Types Of Orthodontic Bite Problems
In orthodontics, we use many terms derived from the language of Latin. The term “malocclusion” means bad bite. Our natural bite patterns are generally classified into three different categories: Class I, Class II, & Class III. A Class I bite pattern is generally desirable. Class II and Class III present significant and uniquely different problems, both of which we aim to correct to a Class I pattern. In addition to this, there are many different types of bite problems that we can help correct.
We have a library of educational videos to help you better understand the many types of orthodontic problems we diagnose and correct.
Here Are Some Great Examples Of Before & After Treatment
Compare Braces To Invisalign
There are many different techniques and types of devices that can be used by an orthodontist to
straighten teeth and correct bite problems. Most people are familiar with “braces,” and the use of
“clear aligner therapy” (CAT), such as Invisalign, Spark, or ULAB is also becoming more commonly
understood by the public. People often ask us to compare braces to clear aligners (like Invisalign).
Hopefully, the following information helps answer this question.
“The most important thing to remember is that you should not select your orthodontist based on the type of braces they use. The braces themselves do not make a great doctor. The braces themselves are only one tool of many that help determine the end result for the patient. You would not choose a carpenter based on the tools in their toolbox. You would choose them based on the quality of their dovetail joints, the wood's shape, the finish's quality, the final product's beauty, and the superior function of the thing they created. An excellent orthodontist is an artist, a craftsman, an engineer, an architect, and a scientist. That is what you should really be choosing. I was blessed to have trained under Dr. William Proffit, the modern father of orthodontics. Dr. Proffit was fond of reminding orthodontic residents in training that what mattered most is the mind, skill, and decision-making of the orthodontist, and not the type of braces or aligners they use. Who is moving your teeth is much more important than what.”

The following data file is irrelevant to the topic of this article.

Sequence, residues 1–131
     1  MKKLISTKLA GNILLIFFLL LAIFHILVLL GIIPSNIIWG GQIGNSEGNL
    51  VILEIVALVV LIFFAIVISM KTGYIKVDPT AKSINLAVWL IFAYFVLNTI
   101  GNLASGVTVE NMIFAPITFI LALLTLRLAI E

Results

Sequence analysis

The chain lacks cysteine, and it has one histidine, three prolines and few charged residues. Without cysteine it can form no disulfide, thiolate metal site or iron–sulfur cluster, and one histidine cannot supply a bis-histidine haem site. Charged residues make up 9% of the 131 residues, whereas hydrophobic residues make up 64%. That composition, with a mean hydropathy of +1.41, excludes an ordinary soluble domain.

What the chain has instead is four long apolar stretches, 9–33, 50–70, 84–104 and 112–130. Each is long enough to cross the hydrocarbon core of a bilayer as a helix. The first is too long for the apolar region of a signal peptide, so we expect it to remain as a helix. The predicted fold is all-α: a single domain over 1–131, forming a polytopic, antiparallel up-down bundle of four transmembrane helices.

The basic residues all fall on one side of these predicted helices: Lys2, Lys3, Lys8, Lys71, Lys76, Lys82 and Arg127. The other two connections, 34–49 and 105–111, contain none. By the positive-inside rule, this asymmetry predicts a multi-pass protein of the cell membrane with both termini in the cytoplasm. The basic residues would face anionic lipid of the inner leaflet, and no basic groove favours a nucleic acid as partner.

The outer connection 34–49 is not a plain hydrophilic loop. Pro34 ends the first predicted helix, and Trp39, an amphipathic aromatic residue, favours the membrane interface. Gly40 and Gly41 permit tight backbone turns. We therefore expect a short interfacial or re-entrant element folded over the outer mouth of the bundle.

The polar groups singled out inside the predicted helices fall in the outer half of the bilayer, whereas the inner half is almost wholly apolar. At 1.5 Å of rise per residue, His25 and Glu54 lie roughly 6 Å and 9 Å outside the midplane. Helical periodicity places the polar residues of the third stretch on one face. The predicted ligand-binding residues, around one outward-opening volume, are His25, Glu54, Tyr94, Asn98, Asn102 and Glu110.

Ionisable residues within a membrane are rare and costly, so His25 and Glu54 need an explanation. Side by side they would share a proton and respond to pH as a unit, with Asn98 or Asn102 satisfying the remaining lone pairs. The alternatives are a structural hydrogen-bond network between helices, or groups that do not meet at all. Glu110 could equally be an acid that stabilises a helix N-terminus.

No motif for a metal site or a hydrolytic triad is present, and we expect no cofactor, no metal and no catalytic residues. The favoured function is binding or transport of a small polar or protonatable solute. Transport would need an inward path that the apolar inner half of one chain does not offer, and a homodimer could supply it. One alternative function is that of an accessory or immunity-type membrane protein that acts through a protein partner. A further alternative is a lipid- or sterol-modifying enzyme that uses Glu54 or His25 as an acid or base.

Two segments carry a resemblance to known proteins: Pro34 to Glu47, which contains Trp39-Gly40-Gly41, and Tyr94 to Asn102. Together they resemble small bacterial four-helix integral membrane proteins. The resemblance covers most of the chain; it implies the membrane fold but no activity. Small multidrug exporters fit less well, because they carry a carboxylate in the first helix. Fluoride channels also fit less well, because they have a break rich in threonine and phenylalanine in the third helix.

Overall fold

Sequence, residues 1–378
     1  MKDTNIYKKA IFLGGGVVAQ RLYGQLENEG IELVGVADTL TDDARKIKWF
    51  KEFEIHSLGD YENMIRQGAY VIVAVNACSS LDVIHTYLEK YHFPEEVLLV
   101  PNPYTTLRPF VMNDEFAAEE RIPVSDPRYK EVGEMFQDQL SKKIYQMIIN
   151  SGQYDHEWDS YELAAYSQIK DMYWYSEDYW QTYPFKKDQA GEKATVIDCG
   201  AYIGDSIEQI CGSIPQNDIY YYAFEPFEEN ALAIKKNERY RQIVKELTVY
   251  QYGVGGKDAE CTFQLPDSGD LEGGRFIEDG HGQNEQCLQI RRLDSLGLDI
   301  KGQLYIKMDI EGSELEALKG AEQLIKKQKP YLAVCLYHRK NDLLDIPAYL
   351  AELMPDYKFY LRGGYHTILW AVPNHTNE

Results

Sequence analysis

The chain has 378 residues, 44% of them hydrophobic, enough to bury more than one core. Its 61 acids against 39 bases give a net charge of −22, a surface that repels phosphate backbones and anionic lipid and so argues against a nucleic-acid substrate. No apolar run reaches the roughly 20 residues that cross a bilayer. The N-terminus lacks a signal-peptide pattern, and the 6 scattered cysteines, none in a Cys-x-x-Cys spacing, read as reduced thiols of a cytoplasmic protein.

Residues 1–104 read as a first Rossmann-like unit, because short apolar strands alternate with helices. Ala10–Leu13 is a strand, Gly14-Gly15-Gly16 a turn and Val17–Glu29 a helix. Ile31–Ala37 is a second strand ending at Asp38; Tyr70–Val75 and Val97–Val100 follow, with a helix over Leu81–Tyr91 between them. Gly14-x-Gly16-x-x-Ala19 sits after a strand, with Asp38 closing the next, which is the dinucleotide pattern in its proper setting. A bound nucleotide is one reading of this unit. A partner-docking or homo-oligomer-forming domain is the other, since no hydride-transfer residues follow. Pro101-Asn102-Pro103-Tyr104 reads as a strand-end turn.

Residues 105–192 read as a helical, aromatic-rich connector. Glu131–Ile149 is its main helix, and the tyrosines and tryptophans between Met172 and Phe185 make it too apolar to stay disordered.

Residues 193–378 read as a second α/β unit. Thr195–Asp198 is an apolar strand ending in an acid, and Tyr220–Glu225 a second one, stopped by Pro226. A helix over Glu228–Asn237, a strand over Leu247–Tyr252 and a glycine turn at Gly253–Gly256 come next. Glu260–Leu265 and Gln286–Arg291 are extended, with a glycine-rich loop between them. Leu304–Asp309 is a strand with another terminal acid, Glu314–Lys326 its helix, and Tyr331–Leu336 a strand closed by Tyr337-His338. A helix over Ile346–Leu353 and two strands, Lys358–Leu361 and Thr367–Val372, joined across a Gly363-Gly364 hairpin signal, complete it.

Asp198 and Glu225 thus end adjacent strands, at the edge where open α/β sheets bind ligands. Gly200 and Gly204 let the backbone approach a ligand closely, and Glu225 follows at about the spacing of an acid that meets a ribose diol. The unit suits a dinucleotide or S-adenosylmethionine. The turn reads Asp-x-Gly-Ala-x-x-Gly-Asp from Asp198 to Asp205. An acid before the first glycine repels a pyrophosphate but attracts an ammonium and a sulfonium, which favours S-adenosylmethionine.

Are you getting the sense yet that we are a different kind of practice?
Below is a collection of frequently asked questions.
Some Examples Of Problems That May Require Orthodontic Treatment Are:
Excessive overbite & overjet
Crossbites of the front or back teeth
Open bites due to a thumb or finger-sucking habit
Open bites due to a tongue-thrusting habit
Severe crowding and eruption problems
Severely protruding front teeth that are at risk for trauma
Problems with how the upper or lower jaws are growing
A narrow upper dental arch due to deficient jaw growth
Impacted teeth that are stuck in the jaw bone or are moving in the wrong direction
Missing teeth, undersized teeth, broken down teeth
Teeth that need to be aligned before your dentist places crowns, implants, or veneers